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Prince William's task force is encouraging young people to take a stand against cyber bullying; with the launch of a new website and a national action plan.
Facebook and Snapchat are set to bring in ways to directly help young people bullied online, following an intervention by Prince William.
The move is part of a code of conduct drawn up by a taskforce of technology companies, children's charities and parents headed by the prince.
It aims to encourage young people to stop negative behaviour, tell a responsible adult and support victims.
Other firms, including Google and EE, have also taken part in the project.
The Duke of Cambridge became interested in helping to tackle the issue shortly after his son Prince George was born, when he heard about a boy who killed himself because of online abuse.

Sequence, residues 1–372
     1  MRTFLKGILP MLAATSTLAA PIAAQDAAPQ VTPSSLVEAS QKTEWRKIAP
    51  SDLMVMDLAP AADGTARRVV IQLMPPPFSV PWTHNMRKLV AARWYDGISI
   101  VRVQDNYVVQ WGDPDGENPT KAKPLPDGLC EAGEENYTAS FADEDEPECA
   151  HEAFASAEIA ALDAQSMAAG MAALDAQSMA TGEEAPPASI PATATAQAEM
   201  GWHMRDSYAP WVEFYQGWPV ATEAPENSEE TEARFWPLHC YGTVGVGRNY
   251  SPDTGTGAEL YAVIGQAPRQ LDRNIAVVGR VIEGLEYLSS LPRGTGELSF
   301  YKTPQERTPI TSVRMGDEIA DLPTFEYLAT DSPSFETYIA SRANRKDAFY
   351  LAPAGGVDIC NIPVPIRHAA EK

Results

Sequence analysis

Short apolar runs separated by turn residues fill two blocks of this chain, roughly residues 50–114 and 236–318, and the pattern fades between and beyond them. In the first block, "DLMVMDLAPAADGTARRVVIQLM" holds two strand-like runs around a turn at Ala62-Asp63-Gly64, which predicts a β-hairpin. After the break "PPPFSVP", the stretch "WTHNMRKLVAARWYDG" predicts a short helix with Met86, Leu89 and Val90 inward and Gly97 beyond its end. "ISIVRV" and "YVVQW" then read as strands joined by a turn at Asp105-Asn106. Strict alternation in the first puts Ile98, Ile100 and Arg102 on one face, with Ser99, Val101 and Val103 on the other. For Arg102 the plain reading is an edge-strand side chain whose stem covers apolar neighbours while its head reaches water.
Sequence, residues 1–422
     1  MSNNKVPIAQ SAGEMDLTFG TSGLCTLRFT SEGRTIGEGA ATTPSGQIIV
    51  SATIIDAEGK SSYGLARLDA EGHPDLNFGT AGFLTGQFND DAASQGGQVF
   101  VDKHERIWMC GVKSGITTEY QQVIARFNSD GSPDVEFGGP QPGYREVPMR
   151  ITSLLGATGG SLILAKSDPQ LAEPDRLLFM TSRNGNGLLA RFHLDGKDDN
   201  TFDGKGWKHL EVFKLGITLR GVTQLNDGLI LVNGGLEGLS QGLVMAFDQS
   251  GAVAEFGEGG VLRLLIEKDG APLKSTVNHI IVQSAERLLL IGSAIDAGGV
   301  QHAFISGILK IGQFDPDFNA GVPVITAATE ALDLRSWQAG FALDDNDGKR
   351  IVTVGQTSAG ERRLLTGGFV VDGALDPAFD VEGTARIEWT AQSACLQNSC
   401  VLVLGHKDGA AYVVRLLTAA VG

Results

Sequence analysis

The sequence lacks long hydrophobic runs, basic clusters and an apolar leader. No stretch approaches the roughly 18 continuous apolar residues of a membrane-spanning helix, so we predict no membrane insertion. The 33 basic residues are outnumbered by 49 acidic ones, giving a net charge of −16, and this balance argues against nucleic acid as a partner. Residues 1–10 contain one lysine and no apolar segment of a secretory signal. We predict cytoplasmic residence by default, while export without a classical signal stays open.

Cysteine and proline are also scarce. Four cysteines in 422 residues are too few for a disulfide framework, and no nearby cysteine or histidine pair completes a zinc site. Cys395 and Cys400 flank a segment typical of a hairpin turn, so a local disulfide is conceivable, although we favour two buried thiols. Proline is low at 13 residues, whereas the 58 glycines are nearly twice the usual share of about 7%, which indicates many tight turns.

'Ate away at him'
In a moving video filmed to highlight the project, Lucy Alexander told the prince about her son Felix, who killed himself after being targeted on social media; and Chloe Hine, who, aged 13, tried to take her own life after enduring sustained online abuse.
"It is one thing when it happens in the playground and it's visible there and parents and teachers and other children can see it.
"Online, you're the only one who sees it, and it's so personal. It goes straight to your room." he said.
He also warned against cyber-bullies being able to ignore the real-world consequences of their actions.
"I think it is worth reminding everyone that the human tragedy of what we are talking about here isn't just about companies and online stuff - it's actually real lives that get affected," he added.
Stop. Speak. Support.
The task force have set up a new website: stopspeaksupport.com for young people to access for further support and information.
A national action plan to combat cyber bullying is expected to be launched later today (16th November 2017).
More information and advice about cyber bullying can be found here.